Most colleges have some internal rules and instructions on how the dissertation should look like and what it should contain (title page, a way of structuring, citations, footnotes, etc.).
Look for these rules and study them and then use them to create the work.
Dissertation is the culmination of your academic career, ending one educational cycle when you acknowledge that you have acquired certain knowledge and skills.
Writing a dissertation itself is recognition of the success because such work can be written only by students who have previously passed all exams and meet all the requirements and checks faculty.
For many students writing dissertation can be hard work. Therefore, in this article we will give you some simple but effective tips that may help you to write your dissertation, easier, and as soon as possible.Read More
Do not choose a topic because you think that you can find the most "material" or because many students wrote about it. If you choose a topic that is boring and uninteresting, writing could turn into a laborious and lengthy process, even if you plan to rewrite most of it.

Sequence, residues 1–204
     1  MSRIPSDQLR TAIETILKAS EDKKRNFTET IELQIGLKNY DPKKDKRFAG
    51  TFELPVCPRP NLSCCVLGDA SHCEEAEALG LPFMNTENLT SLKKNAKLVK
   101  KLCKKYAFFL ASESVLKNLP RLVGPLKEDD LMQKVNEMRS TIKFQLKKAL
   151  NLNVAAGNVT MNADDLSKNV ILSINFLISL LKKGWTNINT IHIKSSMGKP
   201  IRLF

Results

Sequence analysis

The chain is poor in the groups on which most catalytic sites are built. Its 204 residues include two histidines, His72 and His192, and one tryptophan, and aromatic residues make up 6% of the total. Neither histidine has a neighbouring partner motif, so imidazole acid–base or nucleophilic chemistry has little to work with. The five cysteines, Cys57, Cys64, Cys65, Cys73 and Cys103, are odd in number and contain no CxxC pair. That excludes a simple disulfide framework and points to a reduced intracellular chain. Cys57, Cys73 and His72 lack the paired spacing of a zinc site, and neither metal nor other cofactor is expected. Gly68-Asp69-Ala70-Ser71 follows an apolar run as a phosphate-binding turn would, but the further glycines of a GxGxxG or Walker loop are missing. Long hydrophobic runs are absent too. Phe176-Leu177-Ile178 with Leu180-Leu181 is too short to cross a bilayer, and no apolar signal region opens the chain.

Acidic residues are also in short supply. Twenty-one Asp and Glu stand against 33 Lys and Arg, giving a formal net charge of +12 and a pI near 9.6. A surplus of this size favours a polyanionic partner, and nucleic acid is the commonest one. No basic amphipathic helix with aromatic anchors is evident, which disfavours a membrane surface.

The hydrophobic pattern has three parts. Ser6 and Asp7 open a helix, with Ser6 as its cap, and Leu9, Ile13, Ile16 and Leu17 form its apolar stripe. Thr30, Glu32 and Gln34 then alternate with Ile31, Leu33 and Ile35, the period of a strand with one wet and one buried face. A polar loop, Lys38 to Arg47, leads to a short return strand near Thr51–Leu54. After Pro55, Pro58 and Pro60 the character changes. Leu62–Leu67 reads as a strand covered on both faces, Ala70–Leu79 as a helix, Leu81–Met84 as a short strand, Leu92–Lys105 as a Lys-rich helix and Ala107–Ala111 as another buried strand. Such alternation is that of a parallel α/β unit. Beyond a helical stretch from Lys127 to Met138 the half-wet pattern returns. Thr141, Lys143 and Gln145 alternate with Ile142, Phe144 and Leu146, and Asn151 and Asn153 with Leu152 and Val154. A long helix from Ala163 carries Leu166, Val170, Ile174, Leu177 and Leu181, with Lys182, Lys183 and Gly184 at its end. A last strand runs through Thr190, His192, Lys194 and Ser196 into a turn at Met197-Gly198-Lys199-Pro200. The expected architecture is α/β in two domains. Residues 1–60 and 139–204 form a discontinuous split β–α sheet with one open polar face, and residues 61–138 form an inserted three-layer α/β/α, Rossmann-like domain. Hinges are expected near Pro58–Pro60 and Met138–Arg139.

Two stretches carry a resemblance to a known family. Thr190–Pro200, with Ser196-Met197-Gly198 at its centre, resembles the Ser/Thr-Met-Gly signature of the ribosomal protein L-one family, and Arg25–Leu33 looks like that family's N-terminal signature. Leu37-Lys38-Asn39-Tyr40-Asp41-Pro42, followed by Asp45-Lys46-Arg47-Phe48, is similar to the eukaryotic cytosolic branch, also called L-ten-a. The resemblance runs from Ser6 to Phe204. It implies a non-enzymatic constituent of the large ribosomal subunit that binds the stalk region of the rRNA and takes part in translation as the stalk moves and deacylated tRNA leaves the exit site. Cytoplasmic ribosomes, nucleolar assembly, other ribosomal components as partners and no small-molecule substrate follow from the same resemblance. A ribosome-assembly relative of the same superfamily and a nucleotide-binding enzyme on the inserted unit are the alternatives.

Once you've chosen a theme, it is time to find and collect relevant literature and sources that will help you in writing. It can be printed books, but also various materials on the Internet in the form of articles, charts, tables and so on. Do not choke excessive amount of literature - enough will be a few books from which you will draw the most important information.
The organization is half the work! Once you have collected and analyzed the sources and literature, make the organizational structure of the dissertation, write or draw it on paper, roughly divided by chapters.
Before you begin with the study of literature and writing work, organize your time. Be consistent and diligent and do not make the big break of several days or more. You can specify one day a week as free and other days you can diligently explore and work.
Many students think that the transcription of other books is the easiest way to write the dissertation. But this is not so. Even if you bypass the ethical aspect, if you enter the text size mechanically and copy from other authors, your work will bean indigestible and artificially created mixture of different styles. You can even get totally rejected work.
It is very likely that your work has some spelling and grammatical errors, and that you are not aware of that at all. Proofreading is the last thing to do before you hand it over. If you correct those mistakes, you won't worry about anything because you will know that there are no errors and that you did everything right.
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